What does this mean? Well this listener is now configured to listen on the ELB’s external port (Load Balancer Port) 80 for any client’s requests. Once it receives the requests, it will then forward it out to the underlying EC2 instances using the Instance Port, which in this case is port 80 as well. There is no thumb rule as such that both the port values must match; in fact, it is actually a good practice to keep them different. Although your ELB can listen on port 80 for any client’s requests, it can use any ports within the range of 1-65,535 for forwarding the request to the instances. You can optionally add additional listeners to your ELB such as a listener for the HTTPS protocol running on port 443 as well; however, that is something that I will leave you do to later.
The final configuration item left in step 1 is where you get to select the Subnets option to be associated with your new Load Balancer. In my case, I have gone ahead and created a set of subnets each in two different AZs so as to mimic a high availability scenario.
Select any particular Subnets and add them to your ELB by selecting the adjoining + sign. In my case, I have selected two Subnets, both belonging to the web server instances; however, both present in two different AZs.
Note: You can select a single Subnet as well; however, it is highly recommended that you go for a high available architecture, as described earlier.
Once your subnets are added, click on Next: Assign Security Groups to continue over to step 2.
Step 2 – Assign Security Groups
Step 2 is where we get to assign our ELB with a Security Group. Now here a catch: You will not be prompted for a Security Group if you are using an EC2-Classic environment for your ELB. This Security Group is only necessary for VPC environments and will basically allow the port you designated for inbound traffic to pass through.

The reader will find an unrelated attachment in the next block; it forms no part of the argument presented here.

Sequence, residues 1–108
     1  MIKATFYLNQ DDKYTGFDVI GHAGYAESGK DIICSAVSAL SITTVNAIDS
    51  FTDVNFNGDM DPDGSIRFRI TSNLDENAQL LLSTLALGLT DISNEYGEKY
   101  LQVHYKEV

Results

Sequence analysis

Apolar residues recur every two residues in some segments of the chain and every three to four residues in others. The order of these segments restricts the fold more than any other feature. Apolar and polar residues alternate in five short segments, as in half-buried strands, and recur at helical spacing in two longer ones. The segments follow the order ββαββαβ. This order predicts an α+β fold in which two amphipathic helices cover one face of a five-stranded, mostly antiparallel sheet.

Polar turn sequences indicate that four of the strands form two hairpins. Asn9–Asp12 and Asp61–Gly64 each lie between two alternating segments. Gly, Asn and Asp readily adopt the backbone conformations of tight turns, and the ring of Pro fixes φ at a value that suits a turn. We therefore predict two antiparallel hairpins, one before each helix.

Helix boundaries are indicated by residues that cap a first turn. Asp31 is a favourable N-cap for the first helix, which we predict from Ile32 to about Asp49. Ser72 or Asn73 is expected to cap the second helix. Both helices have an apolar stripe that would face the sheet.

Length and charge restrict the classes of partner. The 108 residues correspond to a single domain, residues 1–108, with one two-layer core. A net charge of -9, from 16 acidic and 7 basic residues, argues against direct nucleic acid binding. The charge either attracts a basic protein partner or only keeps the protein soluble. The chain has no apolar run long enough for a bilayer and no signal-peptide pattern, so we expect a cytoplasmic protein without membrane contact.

In this case, I have created a new dedicated Security Group for the ELB. Provide a suitable Security group name as well as Description, as shown in the preceding screenshot. The new security group already contains a rule that allows traffic to the port that you configured your Load Balancer to use, in my case its port 80. Leave the rule to its default value and click on Next: Configure Security Settingsto continue.
Step 3 – Configure Security Settings
This is an optional page that basically allows you to secure your ELB by using either the HTTPS or the SSL protocol for your frontend connection. But since we have opted for a simple HTTP-based ELB, we can ignore this page for now. Click on Next: Configure Health Check to proceed on to the next step.
Step 4 – Configure Health Check
Health Checks are a very important part of an ELB’s configuration and hence you have to be extra cautious when setting it up. What are Health Checks? To put it in simple terms, these are basic tests that the ELB conducts to ensure that your underlying EC2 instances are healthy and running optimally. These tests include simple pings, attempted connections, or even some send requests. If the ELB senses either of the EC2 instances in an unhealthy state, it immediately changes its Health Check Status to OutOfService. Once the instance is marked as OutOfService, the ELB no longer routes any traffic to it. The ELB will only start sending traffic back to the instance only if its Health Check State changes to InService again.
To configure the Health Checks for your ELB, fill in the following information as described here:
- Ping Protocol: This field indicates which protocol the ELB should use to connect to your EC2 instances. You can use the TCP, HTTP, HTTPS, or the SSL options; however, for simplicity, I have selected the HTTP protocol here.
- Ping Port: This field is used to indicate the port which the ELB should use to connect to the instance. You can supply any port value from the range 1 to 65,535; however, since we are using the HTTP protocol, I have opted to stick with the default value of port 80. This port value is really essential as the ELB will periodically ping the EC2 instances on this port number. If any instance does not reply back in a timely fashion, then that instance will be deemed unhealthy by the ELB.